St David's Day is celebrated on 1 March every year with parades, festivals and concerts to celebrate Welsh culture and the national emblems - a daffodil or leek. The day is honour of the patron saint of Wales, who died on that day in 589 AD. Happy St David's Day translates to Dydd Gwŷl Dewi (Sant) hapus.
Although not a lot if known about Saint David, legend has it that he was educated in Cardiganshire and went on pilgrimages, founding religious centres across England and Wales, including one at Glastonbury in Somerset. The story states Saint David travelled as far as Jerusalem, where he was made an archbishop.
He eventually settled at Glyn Rhosyn, now St Davids, in south-west Wales, where he established a religious community. Stories say he performed miracles, most significantly, when he cause the ground to rise beneath him when preaching so everyone could see and hear him. It was believed this power could help ward off the invading Normans.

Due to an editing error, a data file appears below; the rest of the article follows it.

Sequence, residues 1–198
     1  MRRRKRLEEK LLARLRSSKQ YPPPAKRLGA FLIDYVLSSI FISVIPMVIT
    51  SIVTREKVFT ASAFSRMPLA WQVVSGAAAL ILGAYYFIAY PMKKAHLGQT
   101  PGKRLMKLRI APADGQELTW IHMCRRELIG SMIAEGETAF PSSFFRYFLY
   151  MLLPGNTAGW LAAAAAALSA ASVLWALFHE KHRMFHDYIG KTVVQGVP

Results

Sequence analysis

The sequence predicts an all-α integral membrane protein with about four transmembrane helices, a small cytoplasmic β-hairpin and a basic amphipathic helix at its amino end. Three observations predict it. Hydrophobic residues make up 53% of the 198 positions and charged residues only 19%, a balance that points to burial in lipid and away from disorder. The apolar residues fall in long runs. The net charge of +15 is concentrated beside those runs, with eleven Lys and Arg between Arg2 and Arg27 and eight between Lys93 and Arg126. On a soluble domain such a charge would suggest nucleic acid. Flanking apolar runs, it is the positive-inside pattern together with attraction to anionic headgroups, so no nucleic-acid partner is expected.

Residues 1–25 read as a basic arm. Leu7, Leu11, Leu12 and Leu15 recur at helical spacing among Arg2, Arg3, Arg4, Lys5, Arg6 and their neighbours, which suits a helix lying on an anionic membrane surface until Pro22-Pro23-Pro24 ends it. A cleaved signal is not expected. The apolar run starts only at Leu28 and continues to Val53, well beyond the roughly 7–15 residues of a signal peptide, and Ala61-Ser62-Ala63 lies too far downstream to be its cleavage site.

When he died, it is said he told his followers: "Be cheerful and keep your faith and belief, and do the little things that you have heard and seen through me." His remains are buried at the Cathedral of St Davids in Pembrokeshire - which is a popular place of pilgrimage.
The date of his death, 1 March, was declared a national day of celebration in Wales in the 18th century. Parades are held around Wales each year to commemorate Saint David, the largest of which is in Cardiff. St David's Day street parties also take place and many pin a daffodil or leek to their clothes. Children sometimes dress in traditional Welsh costumes. Welsh stew, called cawl, containing lamb and leeks is often eaten too.